Sunday, March 8, 2015

Review- SOCIETY IS NIX


SOCIETY IS NIX (Sunday Press Books, 2013; Hardcover)

Collects newspaper strips from 1895-1915
Writers: Too numerous to list
Artists: Too numerous to list

Wow. As much a lesson in comic strip history as it is a collection of vintage strips from the Platinum Age of Comics, Society Is Nix is required reading for anyone who wants to know how it all began. There is a lengthy introduction which traces the origin of the newspaper strip to England and Germany in the 19th century, showing numerous examples as well as the origin of the comic book, which was originally a way for publishers to reprint newspaper strips in book format. These were also the very first collected editions, if you will. 


There are many of these strips that I would love to see full blown collections of, such as Buster Brown and Pore Lil' Mose. Due to the racist caricatures found in those strips, it will likely never happen. Folks could never look past that and see these for the historical curiosities that they are. There are several examples in this book of racist caricatures which were common occurrences in newspaper strips of the day, and it seems like something out of The Twilight Zone. Those who believe that race relations have not progressed need look no further than examples found here to see how far things have come.

The comic jam and crossovers, things which I loathe and associate with the worst of modern comic fandom, actually originated during this era. Granted the crossovers were limited to characters within the same newspaper, but happen they did. The more things change...

This was done in clay and then photographed. Amazing!

As this was the dawn of the artform, the rules were made up as they went along. Some of the early strips had numbered panels so that people could understand how to follow along, a tradition continued in the early Golden Age comic books.


There are some brilliant artists in this book. F.M. Howarth's bizarre big-headed characters and thick black lines. Jack Bryans' silhouette style of storytelling. R.F. Outcault is another seemingly forgotten genius. A.D. Reed, whose style was a precursor if not direct influence on Robert Crumb and the underground “comix” of the 1960s. Ed Carey's Simon Simple, which is worthy of it's own line of books. Of course no overview of this era would be complete without a handful of examples of Winsor McCay's genius. Norman E. Jennett is an artist whose work needs to be rediscovered and collected. Penny Ross' Mamma's Angel Child is also brilliant. I can go on and on and on but won't. Suffice it to say that I want to see more of this stuff.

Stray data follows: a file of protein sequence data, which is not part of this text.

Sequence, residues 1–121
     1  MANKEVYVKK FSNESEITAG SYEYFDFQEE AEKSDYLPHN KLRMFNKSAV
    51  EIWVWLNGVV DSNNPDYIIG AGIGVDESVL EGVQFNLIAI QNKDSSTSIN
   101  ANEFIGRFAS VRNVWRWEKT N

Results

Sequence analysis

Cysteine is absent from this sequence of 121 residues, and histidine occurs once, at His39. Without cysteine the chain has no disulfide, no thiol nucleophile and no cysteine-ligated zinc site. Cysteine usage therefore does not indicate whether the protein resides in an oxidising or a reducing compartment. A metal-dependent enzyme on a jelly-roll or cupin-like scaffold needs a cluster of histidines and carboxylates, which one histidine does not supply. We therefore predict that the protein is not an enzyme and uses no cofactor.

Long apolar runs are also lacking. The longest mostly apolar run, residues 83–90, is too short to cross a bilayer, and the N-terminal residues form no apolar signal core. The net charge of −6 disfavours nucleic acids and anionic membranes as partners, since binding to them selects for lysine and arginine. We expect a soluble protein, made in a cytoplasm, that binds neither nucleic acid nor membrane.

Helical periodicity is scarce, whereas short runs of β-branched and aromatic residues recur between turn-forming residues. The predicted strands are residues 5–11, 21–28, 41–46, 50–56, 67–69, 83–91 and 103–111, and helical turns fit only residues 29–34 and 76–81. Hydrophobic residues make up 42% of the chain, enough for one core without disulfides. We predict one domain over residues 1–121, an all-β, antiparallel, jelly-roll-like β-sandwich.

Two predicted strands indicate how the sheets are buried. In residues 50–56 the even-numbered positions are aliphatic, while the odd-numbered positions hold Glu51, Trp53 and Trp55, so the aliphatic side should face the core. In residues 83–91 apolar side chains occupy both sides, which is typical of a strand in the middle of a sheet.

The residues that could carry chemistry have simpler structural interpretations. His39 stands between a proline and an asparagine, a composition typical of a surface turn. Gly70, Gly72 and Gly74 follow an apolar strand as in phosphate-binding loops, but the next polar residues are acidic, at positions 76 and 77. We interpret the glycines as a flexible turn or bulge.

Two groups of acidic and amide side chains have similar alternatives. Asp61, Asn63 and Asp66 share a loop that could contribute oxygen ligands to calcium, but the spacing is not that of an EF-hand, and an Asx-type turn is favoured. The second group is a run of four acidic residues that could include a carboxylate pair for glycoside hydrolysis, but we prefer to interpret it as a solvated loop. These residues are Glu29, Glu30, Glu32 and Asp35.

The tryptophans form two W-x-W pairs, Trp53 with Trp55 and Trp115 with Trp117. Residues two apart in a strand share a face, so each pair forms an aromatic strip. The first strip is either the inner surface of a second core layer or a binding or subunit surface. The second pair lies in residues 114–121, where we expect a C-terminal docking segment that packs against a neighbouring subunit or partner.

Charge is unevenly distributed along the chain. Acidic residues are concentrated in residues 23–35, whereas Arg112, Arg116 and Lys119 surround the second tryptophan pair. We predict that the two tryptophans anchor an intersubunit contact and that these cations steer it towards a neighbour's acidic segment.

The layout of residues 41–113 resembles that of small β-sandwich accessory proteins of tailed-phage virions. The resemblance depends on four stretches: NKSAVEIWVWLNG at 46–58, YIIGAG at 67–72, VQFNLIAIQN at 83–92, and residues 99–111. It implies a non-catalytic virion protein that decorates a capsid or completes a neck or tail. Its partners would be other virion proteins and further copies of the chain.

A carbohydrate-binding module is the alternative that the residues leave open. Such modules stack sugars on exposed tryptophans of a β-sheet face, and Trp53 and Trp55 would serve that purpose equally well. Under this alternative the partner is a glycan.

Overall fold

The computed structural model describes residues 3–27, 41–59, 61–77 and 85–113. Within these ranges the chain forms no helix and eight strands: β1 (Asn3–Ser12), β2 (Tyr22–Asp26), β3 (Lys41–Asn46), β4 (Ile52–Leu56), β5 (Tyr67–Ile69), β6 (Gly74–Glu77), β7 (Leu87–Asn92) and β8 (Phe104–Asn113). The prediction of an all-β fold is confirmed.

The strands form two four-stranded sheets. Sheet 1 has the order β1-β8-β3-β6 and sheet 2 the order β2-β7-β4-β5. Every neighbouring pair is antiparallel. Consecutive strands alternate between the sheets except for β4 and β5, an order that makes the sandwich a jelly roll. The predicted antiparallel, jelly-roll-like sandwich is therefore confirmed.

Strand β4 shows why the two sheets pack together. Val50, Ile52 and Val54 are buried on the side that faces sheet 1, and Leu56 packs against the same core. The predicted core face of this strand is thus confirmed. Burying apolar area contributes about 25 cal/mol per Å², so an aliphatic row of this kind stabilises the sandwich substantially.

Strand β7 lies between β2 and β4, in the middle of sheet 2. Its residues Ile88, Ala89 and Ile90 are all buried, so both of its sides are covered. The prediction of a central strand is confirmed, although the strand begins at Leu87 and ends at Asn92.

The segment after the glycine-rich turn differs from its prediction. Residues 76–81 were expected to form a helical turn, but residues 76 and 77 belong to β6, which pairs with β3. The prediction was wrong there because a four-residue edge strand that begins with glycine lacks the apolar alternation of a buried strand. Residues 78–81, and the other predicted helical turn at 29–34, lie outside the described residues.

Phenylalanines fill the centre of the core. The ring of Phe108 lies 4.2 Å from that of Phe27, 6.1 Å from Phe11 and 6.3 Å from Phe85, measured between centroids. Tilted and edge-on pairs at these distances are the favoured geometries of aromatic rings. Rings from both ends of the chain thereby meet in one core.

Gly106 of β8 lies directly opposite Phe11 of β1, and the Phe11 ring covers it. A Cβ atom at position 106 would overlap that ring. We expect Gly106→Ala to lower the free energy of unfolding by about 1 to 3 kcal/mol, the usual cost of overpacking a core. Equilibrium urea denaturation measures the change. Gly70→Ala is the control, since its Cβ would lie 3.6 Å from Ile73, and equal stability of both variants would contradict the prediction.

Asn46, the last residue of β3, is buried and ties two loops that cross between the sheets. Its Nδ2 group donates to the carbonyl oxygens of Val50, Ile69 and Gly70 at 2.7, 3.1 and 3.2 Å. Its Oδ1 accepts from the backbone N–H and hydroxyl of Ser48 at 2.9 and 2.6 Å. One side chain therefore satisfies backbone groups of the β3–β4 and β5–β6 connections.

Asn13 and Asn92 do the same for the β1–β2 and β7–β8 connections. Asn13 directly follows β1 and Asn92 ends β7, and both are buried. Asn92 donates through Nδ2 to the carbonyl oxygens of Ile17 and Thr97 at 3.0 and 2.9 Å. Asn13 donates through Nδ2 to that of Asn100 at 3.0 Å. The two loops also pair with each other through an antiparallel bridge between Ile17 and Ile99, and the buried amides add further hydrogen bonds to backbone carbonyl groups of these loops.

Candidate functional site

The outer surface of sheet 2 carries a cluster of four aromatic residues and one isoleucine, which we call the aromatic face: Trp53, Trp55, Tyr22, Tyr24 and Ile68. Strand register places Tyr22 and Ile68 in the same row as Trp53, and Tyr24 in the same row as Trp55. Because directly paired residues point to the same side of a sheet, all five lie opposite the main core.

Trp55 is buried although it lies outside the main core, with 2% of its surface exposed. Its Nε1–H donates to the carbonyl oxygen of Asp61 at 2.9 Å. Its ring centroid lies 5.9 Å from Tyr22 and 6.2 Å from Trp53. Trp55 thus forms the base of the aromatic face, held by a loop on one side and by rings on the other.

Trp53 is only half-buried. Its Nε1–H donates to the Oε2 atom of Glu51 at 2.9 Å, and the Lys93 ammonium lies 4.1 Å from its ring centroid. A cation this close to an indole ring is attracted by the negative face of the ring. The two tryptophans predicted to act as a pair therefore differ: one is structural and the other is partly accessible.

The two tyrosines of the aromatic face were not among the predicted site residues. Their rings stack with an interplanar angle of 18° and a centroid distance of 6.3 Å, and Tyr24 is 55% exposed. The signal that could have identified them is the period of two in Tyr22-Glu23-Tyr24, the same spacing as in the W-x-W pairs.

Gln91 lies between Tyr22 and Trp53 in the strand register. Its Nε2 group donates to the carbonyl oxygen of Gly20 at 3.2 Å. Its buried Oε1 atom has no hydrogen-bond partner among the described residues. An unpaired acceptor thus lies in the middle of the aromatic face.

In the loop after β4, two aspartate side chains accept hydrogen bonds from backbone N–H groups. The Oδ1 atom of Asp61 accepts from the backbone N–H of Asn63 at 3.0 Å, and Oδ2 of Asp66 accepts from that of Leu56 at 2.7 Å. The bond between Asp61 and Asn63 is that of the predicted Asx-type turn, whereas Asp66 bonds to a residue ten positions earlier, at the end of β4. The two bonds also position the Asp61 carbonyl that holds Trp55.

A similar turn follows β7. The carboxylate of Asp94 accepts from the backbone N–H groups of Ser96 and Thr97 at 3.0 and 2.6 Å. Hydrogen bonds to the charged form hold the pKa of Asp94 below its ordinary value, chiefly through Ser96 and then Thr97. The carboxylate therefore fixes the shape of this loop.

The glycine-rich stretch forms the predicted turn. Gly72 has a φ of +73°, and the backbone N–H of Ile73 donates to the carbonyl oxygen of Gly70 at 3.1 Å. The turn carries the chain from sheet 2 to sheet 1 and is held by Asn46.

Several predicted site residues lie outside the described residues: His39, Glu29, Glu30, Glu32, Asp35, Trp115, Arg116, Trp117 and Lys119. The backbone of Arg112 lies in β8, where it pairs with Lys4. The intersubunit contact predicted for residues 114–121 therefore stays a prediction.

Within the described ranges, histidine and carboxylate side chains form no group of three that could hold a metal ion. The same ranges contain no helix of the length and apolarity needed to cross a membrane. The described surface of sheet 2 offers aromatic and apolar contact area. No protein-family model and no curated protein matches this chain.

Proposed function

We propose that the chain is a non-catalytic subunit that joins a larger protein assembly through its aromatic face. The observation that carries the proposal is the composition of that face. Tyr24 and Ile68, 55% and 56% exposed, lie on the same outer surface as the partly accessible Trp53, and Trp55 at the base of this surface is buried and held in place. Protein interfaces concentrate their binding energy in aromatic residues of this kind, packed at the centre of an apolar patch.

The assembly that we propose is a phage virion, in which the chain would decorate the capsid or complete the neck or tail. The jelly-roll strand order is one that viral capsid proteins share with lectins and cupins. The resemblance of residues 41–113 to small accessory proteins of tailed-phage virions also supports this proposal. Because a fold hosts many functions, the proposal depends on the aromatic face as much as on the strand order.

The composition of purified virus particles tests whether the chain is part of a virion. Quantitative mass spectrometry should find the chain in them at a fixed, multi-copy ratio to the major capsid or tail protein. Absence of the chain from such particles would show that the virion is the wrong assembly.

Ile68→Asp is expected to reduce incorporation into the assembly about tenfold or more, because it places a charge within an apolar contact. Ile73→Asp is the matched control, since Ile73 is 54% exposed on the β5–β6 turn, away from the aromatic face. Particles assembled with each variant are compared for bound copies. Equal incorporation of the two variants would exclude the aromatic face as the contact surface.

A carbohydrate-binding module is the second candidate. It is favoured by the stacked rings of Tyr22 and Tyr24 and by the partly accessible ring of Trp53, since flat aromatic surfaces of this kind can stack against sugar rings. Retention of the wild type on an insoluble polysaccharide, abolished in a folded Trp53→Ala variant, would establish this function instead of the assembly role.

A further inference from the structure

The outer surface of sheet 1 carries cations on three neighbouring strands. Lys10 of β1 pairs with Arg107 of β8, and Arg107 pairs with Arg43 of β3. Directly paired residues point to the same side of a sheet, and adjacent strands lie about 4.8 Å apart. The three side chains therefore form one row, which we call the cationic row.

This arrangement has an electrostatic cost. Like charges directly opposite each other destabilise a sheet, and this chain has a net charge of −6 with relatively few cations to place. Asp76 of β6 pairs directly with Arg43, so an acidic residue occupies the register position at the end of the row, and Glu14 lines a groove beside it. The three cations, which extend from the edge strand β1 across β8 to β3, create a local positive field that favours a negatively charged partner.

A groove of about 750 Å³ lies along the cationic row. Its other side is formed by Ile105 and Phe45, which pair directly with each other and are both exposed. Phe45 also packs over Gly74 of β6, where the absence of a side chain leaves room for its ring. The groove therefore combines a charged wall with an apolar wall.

Mamma's Angel Child. 

The Katzenjammer Kids are the most represented in the book, which makes sense since they were also among the most popular of the day as well as the longest running of these strips. I love the melting pot aspect of the early strips, with artists catering to the various immigrants in their respective cities.

I am beyond thankful for the people who thought to save what was essentially disposable entertainment. If not for the collectors and pack rats of the world this stuff would have been lost entirely. As it is, much of it is gone forever. This book certainly belongs in your collection.
Junk Food For Thought rating: 5 out of 5. 

The Smashing Pumpkins used this turn-of-the-20th-century font for their 1995 double album Mellon Collie And The Infinite Sadness. 

The OCD zone- This book is an absolute beast. It is presented in the original strip size, and newspapers were fricking huge back then. It is an awkward, unwieldy read. If you lay it flat it is difficult to see the top of the page. If you read it laying on your back then you will feel it crush your rib cage as it is heavy.
Linework and Color restoration: These are high resolution scans. The yellowing has been removed and it looks as good as can be without full blown restoration. All imperfections found in the original comics (line bleed, off register printing, etc.) are found here.
Paper stock: Thick off-white uncoated stock. Perfect.
Binding: Smyth sewn binding, lays flat. This book is a beast. You need to lay it on your bed or your kitchen table (once you place freshly laundered towels under it on the table, of course- this is the OCD zone, you know!).
Hardback cover notes: Matte casewrap, fairly resistant to scuffing. Cloth wrap around the spine. Classy. 

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